Learning Japanese at a Yochien!


IMG_2569When we first knew we’d be moving to Japan, we immediately decided to enroll our son in a traditional Japanese elementary school, called a yochien. We hoped he – along with us – would become fully immersed in the culture, would learn the language, and would soak up as much of this overseas opportunity as we possibly could.

Much like Scarlett O’Hara, our yochien experience has been made much easier through the kindness of strangers. We did absolutely no research on local yochiens – instead choosing the same one a friend sent her children to attend. A Japanese volunteer helped me translate the multiple booklets and applications I needed to fill out to secure his spot in the 9 AM-1:30 PM child class offered for two-year-olds. The school’s staff has been incredibly patient and kind with my limited Japanese (I stop by the front office to buy an obento lunchbox for him every single day, even though I’m 99% sure you’re supposed to buy them weekly or monthly and no one has had the heart to tell me yet).

His sensei – both of them – greet us every morning and afternoon, and give all the parents a ten-minute update (in Japanese) at the end of each day about how the students did (as me and my fellow Americans nod along and try to guess what’s happening in our limited Japanese. Did they hop like bunnies? Crawl like bears? We’re getting pretty good at guessing the sensei’s pantomime of the daily activities.) After each session, they almost always have a sweet anecdote (in their limited English!) for me on how my son did that day.

And the other parents – bless them all – will either translate the entire Japanese update from the sensei, or at the very least, tell us the important highlights we missed. Bring swim diapers next class for pool playtime! Bring a plastic tray so they can make a jellyfish craft!

After we successfully enrolled our son, the true hard part came. I diligently braved the Hello Kitty store to get my son a matching set of something ridiculously Japanese (settling on the full set of Shinkaizoku supplies – indoor shoes and table mats and bento box and silverware and chopsticks and water cup and water bottle and cloths and napkins and towels – and three different bags to carry it all: shoe bag and cup bag and bento bag), which we then had to meticulously label with his name. In Japanese. On each and every thing – down to each individual chopstick.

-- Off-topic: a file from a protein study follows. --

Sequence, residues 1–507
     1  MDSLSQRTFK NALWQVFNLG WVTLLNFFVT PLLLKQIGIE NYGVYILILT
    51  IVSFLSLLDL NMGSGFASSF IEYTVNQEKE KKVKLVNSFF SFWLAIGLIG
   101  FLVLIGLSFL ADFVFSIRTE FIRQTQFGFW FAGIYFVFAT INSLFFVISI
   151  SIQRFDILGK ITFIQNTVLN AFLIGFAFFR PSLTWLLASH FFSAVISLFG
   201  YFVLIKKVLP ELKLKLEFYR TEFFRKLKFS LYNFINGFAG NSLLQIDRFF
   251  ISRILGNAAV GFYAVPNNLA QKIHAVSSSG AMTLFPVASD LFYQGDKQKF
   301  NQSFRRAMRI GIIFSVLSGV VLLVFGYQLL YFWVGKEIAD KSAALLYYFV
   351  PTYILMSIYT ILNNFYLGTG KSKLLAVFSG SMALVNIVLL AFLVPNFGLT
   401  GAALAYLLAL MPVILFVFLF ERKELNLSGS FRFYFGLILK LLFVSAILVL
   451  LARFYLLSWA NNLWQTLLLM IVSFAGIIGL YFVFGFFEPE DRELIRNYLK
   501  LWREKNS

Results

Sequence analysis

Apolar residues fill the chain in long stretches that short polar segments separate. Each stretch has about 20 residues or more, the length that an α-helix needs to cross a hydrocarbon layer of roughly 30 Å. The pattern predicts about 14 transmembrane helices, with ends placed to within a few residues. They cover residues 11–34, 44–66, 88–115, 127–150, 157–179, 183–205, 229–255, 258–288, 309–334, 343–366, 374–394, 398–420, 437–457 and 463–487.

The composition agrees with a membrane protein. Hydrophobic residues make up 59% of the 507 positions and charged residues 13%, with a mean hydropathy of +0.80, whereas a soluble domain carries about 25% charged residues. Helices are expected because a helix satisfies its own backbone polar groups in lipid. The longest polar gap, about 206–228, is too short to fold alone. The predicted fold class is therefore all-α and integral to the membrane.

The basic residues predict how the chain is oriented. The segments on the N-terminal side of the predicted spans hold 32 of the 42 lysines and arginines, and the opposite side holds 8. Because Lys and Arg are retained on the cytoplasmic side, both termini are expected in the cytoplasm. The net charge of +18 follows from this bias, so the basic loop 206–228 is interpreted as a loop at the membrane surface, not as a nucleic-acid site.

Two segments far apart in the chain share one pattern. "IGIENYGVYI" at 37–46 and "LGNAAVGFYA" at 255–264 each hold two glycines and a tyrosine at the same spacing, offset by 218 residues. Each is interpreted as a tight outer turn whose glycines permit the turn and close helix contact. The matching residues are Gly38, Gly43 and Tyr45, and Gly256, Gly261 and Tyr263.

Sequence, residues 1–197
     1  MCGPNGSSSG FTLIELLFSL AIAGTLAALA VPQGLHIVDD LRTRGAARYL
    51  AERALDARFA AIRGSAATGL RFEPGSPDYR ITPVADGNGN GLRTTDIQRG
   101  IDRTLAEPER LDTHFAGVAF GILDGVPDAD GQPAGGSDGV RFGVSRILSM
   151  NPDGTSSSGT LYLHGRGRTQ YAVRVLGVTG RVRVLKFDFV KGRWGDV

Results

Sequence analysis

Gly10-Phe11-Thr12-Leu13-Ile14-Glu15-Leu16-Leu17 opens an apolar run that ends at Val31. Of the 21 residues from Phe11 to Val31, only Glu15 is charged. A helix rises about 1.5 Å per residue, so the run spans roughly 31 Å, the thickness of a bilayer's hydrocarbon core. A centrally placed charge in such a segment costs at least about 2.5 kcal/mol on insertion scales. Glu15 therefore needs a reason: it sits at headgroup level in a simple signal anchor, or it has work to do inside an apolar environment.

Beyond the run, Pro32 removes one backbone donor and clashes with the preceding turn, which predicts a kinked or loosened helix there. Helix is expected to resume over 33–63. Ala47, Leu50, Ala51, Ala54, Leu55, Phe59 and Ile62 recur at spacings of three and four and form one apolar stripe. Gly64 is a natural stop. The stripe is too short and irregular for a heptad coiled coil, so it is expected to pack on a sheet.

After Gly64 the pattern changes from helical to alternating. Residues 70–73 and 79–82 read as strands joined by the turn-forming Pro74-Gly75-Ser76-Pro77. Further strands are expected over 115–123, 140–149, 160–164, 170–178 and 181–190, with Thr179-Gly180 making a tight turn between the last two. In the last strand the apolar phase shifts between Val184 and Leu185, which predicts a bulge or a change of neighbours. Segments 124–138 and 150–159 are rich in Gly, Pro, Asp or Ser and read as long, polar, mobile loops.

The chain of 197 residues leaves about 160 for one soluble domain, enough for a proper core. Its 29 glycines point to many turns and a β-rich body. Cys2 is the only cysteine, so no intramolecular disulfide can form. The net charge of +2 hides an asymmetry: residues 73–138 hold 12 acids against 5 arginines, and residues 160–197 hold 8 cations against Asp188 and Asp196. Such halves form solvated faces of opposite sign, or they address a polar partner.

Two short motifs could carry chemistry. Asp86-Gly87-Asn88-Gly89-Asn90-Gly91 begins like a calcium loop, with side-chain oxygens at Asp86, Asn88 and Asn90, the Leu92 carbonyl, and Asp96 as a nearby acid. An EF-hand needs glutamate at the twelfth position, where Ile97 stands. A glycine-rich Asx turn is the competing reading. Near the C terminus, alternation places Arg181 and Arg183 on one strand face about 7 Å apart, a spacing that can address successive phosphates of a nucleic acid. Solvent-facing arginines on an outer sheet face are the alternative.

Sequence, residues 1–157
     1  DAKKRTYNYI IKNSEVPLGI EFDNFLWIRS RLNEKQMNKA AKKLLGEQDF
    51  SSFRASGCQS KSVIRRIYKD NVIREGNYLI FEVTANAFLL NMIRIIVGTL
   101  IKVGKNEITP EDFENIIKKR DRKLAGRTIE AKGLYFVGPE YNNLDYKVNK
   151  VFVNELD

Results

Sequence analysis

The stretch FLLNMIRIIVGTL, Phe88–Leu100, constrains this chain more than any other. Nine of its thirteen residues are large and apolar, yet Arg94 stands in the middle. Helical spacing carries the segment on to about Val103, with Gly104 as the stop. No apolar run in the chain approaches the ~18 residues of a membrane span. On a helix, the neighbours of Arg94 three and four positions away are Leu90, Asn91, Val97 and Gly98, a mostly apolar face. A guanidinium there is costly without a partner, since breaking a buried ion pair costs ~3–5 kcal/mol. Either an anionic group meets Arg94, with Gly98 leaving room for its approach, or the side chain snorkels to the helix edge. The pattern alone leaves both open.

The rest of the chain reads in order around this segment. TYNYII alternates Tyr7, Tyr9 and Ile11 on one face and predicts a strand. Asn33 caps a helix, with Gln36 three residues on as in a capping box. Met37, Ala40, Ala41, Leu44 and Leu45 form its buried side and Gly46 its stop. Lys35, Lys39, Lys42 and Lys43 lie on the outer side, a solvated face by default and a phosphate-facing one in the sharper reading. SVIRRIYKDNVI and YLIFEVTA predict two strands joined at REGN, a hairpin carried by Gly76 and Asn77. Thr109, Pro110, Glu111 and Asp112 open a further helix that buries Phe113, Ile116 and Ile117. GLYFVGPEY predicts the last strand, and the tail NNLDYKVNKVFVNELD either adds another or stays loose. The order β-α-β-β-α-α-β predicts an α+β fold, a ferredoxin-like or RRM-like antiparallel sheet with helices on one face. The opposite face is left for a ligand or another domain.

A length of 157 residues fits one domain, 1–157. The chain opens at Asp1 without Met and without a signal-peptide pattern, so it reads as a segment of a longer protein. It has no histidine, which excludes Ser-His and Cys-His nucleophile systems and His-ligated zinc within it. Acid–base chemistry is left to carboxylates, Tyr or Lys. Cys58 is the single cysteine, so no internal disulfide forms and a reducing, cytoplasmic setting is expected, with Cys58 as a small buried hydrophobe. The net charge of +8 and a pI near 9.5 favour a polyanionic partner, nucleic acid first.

By the time we arrived for our first day, we were ready and excited. I LOVE how they ease the children into the classes. For the first couple weeks, days were shortened to 11 AM, and each of the moms stayed the entire time to get the kids comfortable going to class, familiar with the yochien and the routine.

We arrived to the school, took off our outdoor shoes & slipped into our indoor ones, and found our designated spot where my son was expected, each day from now on, to hang up his own backpack and water bottle.


Then the kids were off to play! About 15 minutes in, my son had gotten a pretty good lay of the land… and decided he was ‘ready go,’ helpfully grabbing all of his belongings as he made his way back over to me and, not uncoincidentally, the door.


But after some convincing and cajoling, he was ready to rejoin the class in learning important first day skills like: how to set up your water cup each day and hang your cup bag on the table.


After a few more classes, he was taking off his outdoor shoes and trading them for his indoor ones like a Japanese kid pro.


And after a few more days, it was time for this kid to strike out on his own. A few tears from him, a few tears from me, and it was 1:30 PM before I knew it and time to come pick him back up!


Now, he absolutely loves going. He’s made friends, he’s starting to learn Japanese (so far, he’s got down sushi, boshi (hat), basu (bus), Anpanman (the most famous Japanese character ever), and wani (alligator) – not sure where that one came from – down), and best of all, he’ll have such special memories of our time here in Japan when it’s time for us to go. He’s even started to bow when saying ‘Sayonara’ at the end of the day – it makes my heart so happy!


If you’re considering enrolling your child in a traditional yochien, I’d recommend hiring a yochien consultant or taking your Japanese friends out for a nice meal in thanks for all the translating they’ll be doing for you. We found our yochien through friends, but there are many, many local schools to choose from so finding one that’s close – and convenient enough for your child to walk home from – is essential. Starting our son at just over two years old has proved to be the perfect age for the transition from English to Japanese – he hasn’t had any issues with a language barrier and is beginning to soak up both. 

One Comment Add yours

  1. PR says:

    So completely awesome that you all get to have this experience. Seriously, though, why is everything 10x cuter in Japan??


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